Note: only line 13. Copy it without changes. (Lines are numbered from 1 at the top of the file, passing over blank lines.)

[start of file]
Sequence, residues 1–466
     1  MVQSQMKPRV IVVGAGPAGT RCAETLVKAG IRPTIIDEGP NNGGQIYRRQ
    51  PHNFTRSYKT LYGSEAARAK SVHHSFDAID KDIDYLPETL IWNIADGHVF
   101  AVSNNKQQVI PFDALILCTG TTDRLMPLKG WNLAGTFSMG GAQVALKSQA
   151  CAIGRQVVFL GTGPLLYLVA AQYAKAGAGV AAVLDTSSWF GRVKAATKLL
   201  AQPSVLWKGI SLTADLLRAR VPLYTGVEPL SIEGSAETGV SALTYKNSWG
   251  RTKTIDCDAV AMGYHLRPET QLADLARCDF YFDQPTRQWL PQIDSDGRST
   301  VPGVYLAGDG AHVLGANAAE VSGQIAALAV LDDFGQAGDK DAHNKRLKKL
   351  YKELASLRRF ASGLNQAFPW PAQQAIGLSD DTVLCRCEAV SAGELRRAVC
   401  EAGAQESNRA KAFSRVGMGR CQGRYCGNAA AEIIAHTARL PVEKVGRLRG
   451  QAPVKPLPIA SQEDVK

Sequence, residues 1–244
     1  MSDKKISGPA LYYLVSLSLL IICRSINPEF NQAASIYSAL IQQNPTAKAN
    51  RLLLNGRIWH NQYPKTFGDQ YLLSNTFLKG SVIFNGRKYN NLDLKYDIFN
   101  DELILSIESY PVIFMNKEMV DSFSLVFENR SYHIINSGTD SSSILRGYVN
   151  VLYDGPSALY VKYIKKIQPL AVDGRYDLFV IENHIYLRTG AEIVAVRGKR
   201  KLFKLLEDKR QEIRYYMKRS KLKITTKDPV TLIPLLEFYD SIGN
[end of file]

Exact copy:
     1  MSDKKISGPA LYYLVSLSLL IICRSINPEF NQAASIYSAL IQQNPTAKAN